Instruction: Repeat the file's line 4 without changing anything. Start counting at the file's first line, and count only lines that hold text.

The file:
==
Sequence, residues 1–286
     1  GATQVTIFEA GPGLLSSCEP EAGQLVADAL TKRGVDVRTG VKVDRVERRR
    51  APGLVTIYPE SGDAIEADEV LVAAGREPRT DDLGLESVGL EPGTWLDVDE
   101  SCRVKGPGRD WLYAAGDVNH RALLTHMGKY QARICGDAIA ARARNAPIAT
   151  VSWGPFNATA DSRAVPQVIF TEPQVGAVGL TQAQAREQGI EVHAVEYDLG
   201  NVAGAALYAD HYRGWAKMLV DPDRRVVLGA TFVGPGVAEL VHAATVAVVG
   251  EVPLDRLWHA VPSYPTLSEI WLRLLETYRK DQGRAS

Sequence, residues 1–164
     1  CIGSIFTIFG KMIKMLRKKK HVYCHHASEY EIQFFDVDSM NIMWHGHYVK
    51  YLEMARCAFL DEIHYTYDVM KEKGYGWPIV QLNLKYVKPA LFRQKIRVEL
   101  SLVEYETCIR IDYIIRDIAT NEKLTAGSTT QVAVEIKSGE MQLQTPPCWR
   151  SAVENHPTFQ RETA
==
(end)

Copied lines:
   101  SCRVKGPGRD WLYAAGDVNH RALLTHMGKY QARICGDAIA ARARNAPIAT